There is no end to the many ways in which excess water can cause problems, and Millersville University is not immune to those problems. Whether inconvenient or life-threatening, flooding is not something to be taken lightly. 

The director of Environmental Health and Safety, Paul Hill, is responsible for keeping the campus safe and prepared for both emergencies and disasters. He ensures that they have an up-to-date emergency operations plan, as well as exercises to maintain readiness. 

Dr. Sepideh Yalda, professor of Meteorology and Director of the university’s Center for Disaster Research Education, is involved in that process as well. She also coordinates the academic Emergency Management programs. 

According to Yalda, tropical systems can cause some of the most prolific rainfall totals. Two such events that impacted Lancaster County were Hurricane Agnes in 1972 and Hurricane Floyd in 1999.

Where the flooding manifests on campus, however, is largely shaped by topography and the effectiveness of drainage systems. This falls in the jurisdiction of Gregory Black, the director of maintenance and operations at the Facilities Management Department, which includes Campus Stormwater Management.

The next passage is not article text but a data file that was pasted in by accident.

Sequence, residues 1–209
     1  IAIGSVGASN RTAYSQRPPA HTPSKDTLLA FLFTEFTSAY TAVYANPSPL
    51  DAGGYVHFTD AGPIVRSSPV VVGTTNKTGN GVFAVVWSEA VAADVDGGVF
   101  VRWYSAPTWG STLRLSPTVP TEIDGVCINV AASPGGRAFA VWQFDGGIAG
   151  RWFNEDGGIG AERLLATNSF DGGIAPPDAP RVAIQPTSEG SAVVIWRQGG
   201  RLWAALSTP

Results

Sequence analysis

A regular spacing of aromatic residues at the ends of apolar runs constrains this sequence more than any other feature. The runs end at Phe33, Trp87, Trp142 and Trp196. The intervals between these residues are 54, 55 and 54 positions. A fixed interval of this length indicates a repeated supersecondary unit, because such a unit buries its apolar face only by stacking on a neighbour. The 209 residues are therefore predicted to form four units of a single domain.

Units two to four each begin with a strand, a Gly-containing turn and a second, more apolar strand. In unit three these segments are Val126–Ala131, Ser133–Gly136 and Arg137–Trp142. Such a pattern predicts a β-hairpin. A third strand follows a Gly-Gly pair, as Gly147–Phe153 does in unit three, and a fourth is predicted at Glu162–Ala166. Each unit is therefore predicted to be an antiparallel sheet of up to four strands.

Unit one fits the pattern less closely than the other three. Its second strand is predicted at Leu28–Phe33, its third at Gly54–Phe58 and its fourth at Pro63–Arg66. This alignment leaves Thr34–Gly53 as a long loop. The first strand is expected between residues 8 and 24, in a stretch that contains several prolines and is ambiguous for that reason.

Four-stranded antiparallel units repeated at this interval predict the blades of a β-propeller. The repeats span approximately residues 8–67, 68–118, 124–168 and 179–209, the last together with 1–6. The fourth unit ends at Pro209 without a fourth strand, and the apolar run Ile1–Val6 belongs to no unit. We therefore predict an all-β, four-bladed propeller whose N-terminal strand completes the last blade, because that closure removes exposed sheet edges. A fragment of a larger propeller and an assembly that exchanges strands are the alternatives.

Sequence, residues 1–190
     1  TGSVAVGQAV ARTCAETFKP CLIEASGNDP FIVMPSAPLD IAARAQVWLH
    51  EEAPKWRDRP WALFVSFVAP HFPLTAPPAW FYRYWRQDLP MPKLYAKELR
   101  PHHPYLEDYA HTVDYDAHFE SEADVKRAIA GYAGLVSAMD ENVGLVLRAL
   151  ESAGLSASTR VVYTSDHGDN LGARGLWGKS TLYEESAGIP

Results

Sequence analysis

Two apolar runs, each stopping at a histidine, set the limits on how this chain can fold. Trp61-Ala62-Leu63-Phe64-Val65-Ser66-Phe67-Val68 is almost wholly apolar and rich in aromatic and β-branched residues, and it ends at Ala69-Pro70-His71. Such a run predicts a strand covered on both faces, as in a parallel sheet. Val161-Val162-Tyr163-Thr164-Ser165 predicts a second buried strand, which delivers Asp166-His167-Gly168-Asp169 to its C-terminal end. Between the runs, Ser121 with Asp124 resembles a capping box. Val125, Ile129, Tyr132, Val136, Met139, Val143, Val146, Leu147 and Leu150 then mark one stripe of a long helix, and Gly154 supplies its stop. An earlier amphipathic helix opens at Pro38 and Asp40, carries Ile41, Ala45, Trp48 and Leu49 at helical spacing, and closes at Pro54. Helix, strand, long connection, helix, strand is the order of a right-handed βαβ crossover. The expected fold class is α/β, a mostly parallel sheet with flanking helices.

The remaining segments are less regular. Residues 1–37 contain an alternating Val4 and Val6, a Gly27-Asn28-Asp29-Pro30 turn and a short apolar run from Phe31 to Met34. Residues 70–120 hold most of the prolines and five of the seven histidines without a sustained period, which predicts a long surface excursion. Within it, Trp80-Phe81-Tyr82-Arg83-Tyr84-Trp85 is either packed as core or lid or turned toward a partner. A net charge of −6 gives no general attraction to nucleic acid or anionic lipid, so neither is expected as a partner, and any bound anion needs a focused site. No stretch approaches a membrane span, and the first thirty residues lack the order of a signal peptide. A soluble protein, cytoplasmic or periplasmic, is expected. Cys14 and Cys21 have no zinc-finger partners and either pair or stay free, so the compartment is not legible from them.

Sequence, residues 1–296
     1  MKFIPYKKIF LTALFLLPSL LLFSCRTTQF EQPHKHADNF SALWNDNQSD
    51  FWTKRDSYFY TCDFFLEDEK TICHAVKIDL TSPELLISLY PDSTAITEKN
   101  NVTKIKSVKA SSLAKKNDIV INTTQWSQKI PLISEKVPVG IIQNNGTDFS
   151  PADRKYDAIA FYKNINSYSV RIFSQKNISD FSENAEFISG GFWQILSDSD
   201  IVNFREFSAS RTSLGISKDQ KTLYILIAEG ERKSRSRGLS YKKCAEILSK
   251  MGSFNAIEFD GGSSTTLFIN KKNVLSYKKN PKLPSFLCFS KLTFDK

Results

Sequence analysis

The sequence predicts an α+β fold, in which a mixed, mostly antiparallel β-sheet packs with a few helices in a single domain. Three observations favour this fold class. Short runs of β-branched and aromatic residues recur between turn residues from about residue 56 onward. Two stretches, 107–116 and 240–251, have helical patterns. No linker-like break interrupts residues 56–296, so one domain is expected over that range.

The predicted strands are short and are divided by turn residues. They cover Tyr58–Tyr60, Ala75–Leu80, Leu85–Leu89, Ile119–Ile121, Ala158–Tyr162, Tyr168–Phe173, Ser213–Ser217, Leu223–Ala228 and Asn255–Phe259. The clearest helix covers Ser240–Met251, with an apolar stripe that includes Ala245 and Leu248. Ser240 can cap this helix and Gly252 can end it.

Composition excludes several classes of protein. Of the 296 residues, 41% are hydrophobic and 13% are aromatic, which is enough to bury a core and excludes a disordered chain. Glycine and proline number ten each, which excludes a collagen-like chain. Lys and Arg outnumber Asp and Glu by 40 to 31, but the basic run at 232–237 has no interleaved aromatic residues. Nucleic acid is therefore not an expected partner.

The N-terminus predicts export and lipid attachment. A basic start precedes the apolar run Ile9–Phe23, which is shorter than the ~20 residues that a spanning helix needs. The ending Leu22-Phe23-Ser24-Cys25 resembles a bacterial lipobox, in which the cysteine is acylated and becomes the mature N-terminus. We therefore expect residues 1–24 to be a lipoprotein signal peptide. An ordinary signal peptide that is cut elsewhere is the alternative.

“We typically have a few roof leaks that are trouble spots that we are trying to repair. One of these at the Student Memorial Center (SMC) leaves a puddle on the Marauder Courts. We have a contract with a roofing company to come and take the next steps in the repair process. We have been working on this for quite a while now,” Black says. “Another location during heavy rain is the catch basin in front of the Cove at Lyle Hall. When there is heavy rain or a couple of times now when the city water main breaks in the street, water runs down George Street, turns onto Dilworth drive, and overruns that catch basin.”